What does it mean for a man, or a woman, to have ‘a life led in politics’? Is it one in the midst or at the forefront of great events, fashioning them and in so doing, changing the course of the destiny of nations? Is it one spent embroiled in the chicanery and attendant skulduggery of court intrigue and manoeuvring, striking down opponents while forwarding the cause of allies, both forged largely as a matter of expediency, and with the ultimate aim of arriving at the pinnacle yourself? Or is it one spent privy to history as it unfolds before you, all the time doing your bit to ensure no great harm is done to the natural order of things, but mostly just being along for the ride, with no sway or influence over how the deck of cards was dealt?
Most of history’s great men and women, in particular those who held the privilege of also at the same time being great leaders, would subscribe to one or a combination of those three outcomes. But in assessing the life of Bangabandhu Sheikh Mujibur Rahman, whose life was quintessentially political from any angle you look, we find all three of these descriptions falling short in the face of one simple epitaph: he led it for his people.
This is the single-greatest attribute that shines through, right from the start of his political education, that we may date to the visit in 1938 by Prime Minister A.K. Fazlul Huq and Labour Minister H.S. Suhrawardy of Bengal’s provincial government to Gopalganj, during which Bangabandhu, aged hardly 18, first met and then subsequently started a correspondence with the latter that would continue till 1963, the year of Suhrawardy’s death. The relationship they formed over the course of the quarter-century they knew each other would prove of acute significance to the lives of the people whose cause they espoused, the people of Bengal. As the founding father of a nation-state with a population touching 75 million at the hour of Independence (now exceeding 160 million by most estimates), Bangabandhu may well be said to have surpassed his mentor in history’s estimation. But for anyone to undermine the influence Suhrawardy had over the young Mujib would be sadly misguided.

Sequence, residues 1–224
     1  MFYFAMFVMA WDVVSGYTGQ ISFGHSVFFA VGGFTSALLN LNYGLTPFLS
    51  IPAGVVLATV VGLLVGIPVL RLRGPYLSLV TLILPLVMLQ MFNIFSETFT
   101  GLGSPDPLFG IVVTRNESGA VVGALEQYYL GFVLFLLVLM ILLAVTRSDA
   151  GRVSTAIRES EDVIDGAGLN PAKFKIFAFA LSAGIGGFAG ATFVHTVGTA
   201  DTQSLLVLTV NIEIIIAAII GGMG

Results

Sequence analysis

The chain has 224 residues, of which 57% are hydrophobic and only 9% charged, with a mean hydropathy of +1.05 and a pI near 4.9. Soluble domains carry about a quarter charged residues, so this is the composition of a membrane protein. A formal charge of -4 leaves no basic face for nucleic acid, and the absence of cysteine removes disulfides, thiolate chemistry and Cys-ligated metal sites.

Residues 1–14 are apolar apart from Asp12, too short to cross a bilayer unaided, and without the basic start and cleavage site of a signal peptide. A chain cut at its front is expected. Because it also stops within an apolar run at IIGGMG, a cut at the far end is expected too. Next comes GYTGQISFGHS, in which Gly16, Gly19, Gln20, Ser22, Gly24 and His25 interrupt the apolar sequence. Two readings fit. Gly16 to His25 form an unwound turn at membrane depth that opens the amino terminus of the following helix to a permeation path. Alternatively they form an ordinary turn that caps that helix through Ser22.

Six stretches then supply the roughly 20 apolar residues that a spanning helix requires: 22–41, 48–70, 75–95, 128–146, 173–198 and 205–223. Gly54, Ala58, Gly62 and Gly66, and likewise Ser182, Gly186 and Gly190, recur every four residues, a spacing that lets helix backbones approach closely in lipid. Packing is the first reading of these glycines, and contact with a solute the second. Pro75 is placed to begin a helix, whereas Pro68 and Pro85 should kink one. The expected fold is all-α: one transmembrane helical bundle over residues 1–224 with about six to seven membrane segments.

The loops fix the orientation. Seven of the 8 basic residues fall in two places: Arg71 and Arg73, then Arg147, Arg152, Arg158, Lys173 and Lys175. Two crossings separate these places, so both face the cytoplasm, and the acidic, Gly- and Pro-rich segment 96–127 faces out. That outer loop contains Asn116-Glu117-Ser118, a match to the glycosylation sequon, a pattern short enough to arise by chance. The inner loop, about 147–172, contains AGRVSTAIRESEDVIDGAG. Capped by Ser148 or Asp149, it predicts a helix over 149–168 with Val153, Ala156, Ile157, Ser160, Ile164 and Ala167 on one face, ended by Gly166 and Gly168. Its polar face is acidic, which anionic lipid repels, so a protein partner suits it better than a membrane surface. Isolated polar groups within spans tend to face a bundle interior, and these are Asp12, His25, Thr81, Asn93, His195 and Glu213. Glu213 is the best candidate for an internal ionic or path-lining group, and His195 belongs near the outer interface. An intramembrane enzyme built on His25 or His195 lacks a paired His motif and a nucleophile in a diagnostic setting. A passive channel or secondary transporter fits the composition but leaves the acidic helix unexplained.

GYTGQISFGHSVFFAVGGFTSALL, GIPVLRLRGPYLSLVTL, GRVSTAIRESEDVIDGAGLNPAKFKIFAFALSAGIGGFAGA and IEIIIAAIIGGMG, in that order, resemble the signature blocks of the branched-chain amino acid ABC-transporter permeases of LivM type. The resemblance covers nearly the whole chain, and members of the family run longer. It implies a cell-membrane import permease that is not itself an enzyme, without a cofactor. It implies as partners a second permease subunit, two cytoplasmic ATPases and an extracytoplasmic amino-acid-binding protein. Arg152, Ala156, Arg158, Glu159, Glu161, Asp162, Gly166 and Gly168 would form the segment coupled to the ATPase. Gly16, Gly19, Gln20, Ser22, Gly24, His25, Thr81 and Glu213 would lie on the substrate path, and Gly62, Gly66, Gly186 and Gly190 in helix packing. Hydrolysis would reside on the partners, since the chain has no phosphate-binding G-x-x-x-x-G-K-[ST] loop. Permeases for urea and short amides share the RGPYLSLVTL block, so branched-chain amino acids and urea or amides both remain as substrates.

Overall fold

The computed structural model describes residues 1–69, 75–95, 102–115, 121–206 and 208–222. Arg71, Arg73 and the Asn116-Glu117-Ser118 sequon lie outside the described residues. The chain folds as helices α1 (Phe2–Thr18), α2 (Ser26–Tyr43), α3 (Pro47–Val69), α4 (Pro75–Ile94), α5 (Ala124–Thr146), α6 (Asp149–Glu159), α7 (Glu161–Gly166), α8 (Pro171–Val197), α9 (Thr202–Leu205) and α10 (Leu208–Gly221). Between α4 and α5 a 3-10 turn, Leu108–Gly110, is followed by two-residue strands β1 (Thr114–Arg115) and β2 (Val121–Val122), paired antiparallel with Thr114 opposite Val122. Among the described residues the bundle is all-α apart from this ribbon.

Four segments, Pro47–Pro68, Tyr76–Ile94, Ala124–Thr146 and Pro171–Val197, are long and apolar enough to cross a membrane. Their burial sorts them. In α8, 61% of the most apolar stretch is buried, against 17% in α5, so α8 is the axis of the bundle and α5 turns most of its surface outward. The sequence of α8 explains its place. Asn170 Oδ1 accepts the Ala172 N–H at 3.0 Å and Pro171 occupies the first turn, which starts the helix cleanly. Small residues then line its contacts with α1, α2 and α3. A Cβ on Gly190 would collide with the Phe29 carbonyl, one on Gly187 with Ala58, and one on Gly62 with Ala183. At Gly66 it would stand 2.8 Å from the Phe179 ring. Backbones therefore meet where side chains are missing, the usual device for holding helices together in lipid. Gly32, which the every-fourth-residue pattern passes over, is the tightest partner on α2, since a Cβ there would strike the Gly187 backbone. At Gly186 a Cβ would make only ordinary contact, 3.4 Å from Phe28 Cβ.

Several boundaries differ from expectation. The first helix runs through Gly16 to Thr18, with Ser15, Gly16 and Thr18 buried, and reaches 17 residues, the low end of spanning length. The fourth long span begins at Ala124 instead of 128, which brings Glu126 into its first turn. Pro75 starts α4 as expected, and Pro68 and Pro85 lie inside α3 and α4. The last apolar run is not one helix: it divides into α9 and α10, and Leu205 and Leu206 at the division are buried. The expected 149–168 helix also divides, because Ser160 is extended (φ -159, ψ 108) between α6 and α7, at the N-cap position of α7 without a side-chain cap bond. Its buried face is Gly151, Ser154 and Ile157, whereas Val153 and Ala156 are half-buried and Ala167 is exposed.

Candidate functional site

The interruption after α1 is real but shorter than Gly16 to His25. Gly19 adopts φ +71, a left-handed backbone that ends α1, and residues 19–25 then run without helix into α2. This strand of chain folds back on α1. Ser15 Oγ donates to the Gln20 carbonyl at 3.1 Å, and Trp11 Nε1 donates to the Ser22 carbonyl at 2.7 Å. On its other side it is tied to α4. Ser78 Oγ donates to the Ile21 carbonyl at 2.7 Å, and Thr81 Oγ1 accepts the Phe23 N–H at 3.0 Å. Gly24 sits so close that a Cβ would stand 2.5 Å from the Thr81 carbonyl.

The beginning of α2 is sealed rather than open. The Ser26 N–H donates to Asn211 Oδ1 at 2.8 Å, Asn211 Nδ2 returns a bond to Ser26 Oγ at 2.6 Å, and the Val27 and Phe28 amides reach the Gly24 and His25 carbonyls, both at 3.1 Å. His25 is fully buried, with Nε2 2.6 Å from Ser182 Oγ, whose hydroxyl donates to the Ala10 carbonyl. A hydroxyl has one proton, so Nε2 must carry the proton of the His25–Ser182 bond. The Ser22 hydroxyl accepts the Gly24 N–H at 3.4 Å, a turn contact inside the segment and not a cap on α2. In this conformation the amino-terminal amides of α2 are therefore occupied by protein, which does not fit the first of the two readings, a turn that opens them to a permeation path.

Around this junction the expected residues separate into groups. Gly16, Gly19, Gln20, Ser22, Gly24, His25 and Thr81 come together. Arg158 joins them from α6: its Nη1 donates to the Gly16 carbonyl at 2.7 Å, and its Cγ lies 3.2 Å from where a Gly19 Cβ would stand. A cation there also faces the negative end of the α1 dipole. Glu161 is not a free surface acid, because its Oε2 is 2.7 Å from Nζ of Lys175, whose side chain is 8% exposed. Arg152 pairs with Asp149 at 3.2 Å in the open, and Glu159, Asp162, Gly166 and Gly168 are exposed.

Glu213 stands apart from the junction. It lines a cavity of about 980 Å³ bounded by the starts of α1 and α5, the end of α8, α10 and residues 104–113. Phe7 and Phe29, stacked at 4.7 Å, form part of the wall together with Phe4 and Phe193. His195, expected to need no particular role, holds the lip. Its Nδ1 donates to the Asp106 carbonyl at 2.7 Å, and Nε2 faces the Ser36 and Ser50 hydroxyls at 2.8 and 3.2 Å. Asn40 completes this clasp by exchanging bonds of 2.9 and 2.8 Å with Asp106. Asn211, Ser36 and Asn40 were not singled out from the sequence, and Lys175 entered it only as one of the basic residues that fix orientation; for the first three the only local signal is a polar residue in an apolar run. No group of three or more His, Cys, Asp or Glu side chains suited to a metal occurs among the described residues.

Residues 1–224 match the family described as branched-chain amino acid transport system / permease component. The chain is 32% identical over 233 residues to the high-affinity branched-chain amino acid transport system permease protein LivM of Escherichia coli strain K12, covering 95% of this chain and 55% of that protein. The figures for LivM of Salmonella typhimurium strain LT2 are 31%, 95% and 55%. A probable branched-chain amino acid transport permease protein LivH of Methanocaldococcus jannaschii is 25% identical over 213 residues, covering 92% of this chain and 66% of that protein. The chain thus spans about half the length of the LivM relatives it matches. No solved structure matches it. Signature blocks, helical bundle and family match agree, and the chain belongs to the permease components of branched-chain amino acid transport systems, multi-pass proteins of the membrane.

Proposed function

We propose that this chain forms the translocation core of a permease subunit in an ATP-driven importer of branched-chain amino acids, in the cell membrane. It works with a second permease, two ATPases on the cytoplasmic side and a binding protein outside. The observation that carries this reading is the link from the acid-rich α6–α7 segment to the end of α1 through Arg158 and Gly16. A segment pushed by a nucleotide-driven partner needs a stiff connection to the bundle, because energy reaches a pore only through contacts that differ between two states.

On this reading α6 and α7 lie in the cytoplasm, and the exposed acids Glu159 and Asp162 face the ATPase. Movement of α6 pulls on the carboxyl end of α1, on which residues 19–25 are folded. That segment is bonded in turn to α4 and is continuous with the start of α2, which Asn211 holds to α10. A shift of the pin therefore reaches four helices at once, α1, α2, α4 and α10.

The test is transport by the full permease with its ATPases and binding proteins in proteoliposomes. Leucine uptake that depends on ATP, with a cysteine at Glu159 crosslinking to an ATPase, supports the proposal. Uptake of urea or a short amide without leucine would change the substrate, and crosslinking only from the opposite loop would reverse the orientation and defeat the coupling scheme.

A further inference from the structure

Notably, Suhrawardy’s name is the first to appear, indeed in just the second paragraph, of Bangabandhu’s revelatory ‘Unfinished Memoirs’, that finally came out in 2010, thirty-five years after his cruel and unjust killing at the hands of some disgruntled army officers on August 15, 1975 - a black date if there ever was one. In it, penning the words in the confines of his small room in Dhaka Central Jail, Bangabandhu credits Suhrawardy for having taught him ‘the essentials of political life’. Yet the question remains, can anyone be taught to feel empathy for people you are not related to? Can you bristle with indignation at injustice when its brunt is faced by others? These are instincts that would have to be innate to a person’s self, to exert the kind of influence they did over Bangabandhu’s life and actions, that we saw over the course of the life he led.
It is in the words he himself has written, even though they end up covering such a short period of his life - till 1955 - that we get certain hints of the humanity, that seamless sense of being at one with his fellow men and women, even as he was their leader, that would end up characterising his words and deeds, the choices he made, in becoming Bangabandhu - the Friend of Bengal - as he was proclaimed, upon his release from the jail term he was serving from 1966-69 in connection with the Agartala Conspiracy Case.